Racheal Wambui Muraya owner Ray Rayah Salon in Boma Photo: David Gichuru/ Standard

Rachel Muraya was your typical girl next door, with a happy life, courting a young man she had met in the course of her work and with big dreams for her future. Life was well-paced and she would never have anticipated how it would all come crashing down. The young man died two weeks after their wedding and just as she was coming to terms with her loss, she found herself grappling with yet another disaster.

"I worked at Ashleys in Westgate as a beautician for about six years. In 2010 I was at the Mall, Westlands, when I met my husband, who was working there as a barber," she says.

The lovebirds courted for three years of bliss and  when Rachel was 26, they decided to wed. "On Mashujaa day, October 20, 2012, we had our big wedding at Consolata Shrine and then went on our honeymoon," she says.

The marriage came to an abrupt end when her husband died on November 9, only 14 days after their wedding. He had been ill but was misdiagnosed, and by the time it was discovered that he had pneumonia, it was too late.

Still grieving, she resumed work in December 2012.

On the morning of September 21,2013, she woke up restless and didn't really want to go to work. "I did not feel like leaving the house, but I forced myself to go in the afternoon that Saturday. I did not know that a few minutes after I had arrived, I would lose my foot," she says.

In the living nightmare that was the attack, amidst the commotion, she ran to the rooftop of the building "I thought I would be safe there," she says. One of the attackers saw her go there and hurled a grenade in her direction. It went off right in front of her.

A searing pain followed, and it would be one and a half hours of agony before she was rescued by the Red Cross Secretary General, Abbas Gullet. Not that she knew who he was when he arrived. "I was bleeding and so thirsty and I was just shouting at him, 'wewe mzee nipee maji!' as he tried to calm me down," she says.

Her right foot was injured so badly that it had to be amputated. She also suffers pains from a shrapnel that got stuck in her left leg and cannot be removed without damaging the leg.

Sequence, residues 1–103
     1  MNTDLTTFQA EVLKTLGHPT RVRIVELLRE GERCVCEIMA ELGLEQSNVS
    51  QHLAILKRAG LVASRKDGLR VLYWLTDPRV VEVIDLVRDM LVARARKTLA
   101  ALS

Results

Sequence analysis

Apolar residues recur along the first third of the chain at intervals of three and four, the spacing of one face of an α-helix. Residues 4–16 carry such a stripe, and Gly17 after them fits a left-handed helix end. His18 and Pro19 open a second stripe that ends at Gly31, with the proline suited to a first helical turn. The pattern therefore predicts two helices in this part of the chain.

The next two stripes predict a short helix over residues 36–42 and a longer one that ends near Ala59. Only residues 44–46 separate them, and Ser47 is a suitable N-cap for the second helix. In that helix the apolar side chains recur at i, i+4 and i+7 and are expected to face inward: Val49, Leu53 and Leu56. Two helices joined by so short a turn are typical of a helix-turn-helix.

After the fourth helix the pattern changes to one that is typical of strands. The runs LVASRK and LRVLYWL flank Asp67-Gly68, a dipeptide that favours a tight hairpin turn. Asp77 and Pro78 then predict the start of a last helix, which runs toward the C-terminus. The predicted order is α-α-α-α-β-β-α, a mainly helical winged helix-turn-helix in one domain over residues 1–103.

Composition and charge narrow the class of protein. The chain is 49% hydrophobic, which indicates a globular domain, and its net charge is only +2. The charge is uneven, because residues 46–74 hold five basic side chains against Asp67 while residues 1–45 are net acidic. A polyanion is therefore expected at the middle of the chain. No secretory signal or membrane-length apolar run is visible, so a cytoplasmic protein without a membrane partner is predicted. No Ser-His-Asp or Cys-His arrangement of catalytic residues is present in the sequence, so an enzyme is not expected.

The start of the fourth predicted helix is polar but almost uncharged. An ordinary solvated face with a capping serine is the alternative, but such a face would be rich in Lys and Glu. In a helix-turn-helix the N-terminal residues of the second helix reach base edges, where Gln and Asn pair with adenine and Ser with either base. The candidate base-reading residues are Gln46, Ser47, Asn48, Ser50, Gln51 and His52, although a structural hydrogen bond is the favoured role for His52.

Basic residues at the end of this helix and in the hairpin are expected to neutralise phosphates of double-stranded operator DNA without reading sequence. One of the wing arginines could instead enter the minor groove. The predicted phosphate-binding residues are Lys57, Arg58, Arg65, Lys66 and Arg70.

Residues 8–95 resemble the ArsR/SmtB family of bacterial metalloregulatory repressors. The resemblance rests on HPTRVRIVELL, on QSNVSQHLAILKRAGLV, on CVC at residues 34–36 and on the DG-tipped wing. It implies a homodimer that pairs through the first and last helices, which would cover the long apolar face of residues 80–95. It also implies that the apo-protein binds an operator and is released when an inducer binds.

She needed four operations on the remaining part of the amputated leg over the next year. "Some of the shrapnel in my left leg are inside the nerves and it is very difficult to get them out, because if the nerves are touched, the whole leg is dead," she says. "It really pains me a lot especially in cold weather  and I can't walk on rough floors because the shrapnel pokes me . I survive on very strong painkillers."

Joyce Lay, the women's representative for Taita Taveta gave her a wheelchair that she had to use for about seven months, before moving onto a crutch and physiotherapy.

For years, she wondered if misfortune and loss were her lot in life and if she would ever recover. "From 2012 to 2015 I kept asking God, 'why me, why me?' In 2012, I lost my husband of two weeks, in 2013, I lost my foot in the terror attack. In 2014, I underwent four operations. In 2015, I underwent another operation and I was at home for one year without work. I kept asking myself, which year I would finally celebrate."

She calls Dr Gullet dad, as he kept checking on her, making her feel better about her situation. She also expresses deep gratitude to Joyce Lay and Najma, who encouraged her that she would one day walk again.

She finally got her lucky break. After her story was highlighted in the media, Red Cross, Westgate staff and Safaricom put up a business for her that was in line with her skills and experience as a beautician. They put up a high-end salon for her at the Boma Hotel which belongs to Red Cross and on 12th June 2015, the Rarayah Beauty Haven was born.

She started off with three employees and now has seven. "Red Cross markets for us and brings us clients," she says. The business has however been able to stand on its own merit, thanks to her business acumen, attitude and great relationship with her employees.

"I told myself that 2016 would be my year of full abundance. Becoming a boss is a good thing because you give encouragement to people. I tell them that one has to have a heart of forgiveness," she says, in reference to her Westgate ordeal. "What has helped me move on is God, my family, my spiritual mother  Reverend Ruth Wamuyu and friends. And I always say that time is the best healer. I now fully concentrate on my business and if God says yes, I will start my own family someday."